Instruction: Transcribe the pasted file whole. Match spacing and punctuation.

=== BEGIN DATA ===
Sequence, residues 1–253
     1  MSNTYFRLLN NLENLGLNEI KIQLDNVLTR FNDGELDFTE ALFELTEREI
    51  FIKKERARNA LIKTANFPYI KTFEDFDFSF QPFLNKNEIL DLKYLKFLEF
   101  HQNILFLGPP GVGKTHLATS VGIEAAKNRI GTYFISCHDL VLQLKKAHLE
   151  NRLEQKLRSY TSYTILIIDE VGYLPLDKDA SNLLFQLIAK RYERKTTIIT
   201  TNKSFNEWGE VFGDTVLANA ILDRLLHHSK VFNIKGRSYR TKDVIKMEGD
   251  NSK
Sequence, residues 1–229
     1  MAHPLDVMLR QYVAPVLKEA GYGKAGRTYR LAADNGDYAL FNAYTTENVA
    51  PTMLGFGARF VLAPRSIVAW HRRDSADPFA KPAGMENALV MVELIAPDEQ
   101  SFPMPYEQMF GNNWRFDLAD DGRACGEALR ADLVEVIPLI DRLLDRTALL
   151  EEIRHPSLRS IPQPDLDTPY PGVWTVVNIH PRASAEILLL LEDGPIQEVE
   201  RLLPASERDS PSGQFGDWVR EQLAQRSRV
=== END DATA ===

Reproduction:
Sequence, residues 1–253
     1  MSNTYFRLLN NLENLGLNEI KIQLDNVLTR FNDGELDFTE ALFELTEREI
    51  FIKKERARNA LIKTANFPYI KTFEDFDFSF QPFLNKNEIL DLKYLKFLEF
   101  HQNILFLGPP GVGKTHLATS VGIEAAKNRI GTYFISCHDL VLQLKKAHLE
   151  NRLEQKLRSY TSYTILIIDE VGYLPLDKDA SNLLFQLIAK RYERKTTIIT
   201  TNKSFNEWGE VFGDTVLANA ILDRLLHHSK VFNIKGRSYR TKDVIKMEGD
   251  NSK
Sequence, residues 1–229
     1  MAHPLDVMLR QYVAPVLKEA GYGKAGRTYR LAADNGDYAL FNAYTTENVA
    51  PTMLGFGARF VLAPRSIVAW HRRDSADPFA KPAGMENALV MVELIAPDEQ
   101  SFPMPYEQMF GNNWRFDLAD DGRACGEALR ADLVEVIPLI DRLLDRTALL
   151  EEIRHPSLRS IPQPDLDTPY PGVWTVVNIH PRASAEILLL LEDGPIQEVE
   201  RLLPASERDS PSGQFGDWVR EQLAQRSRV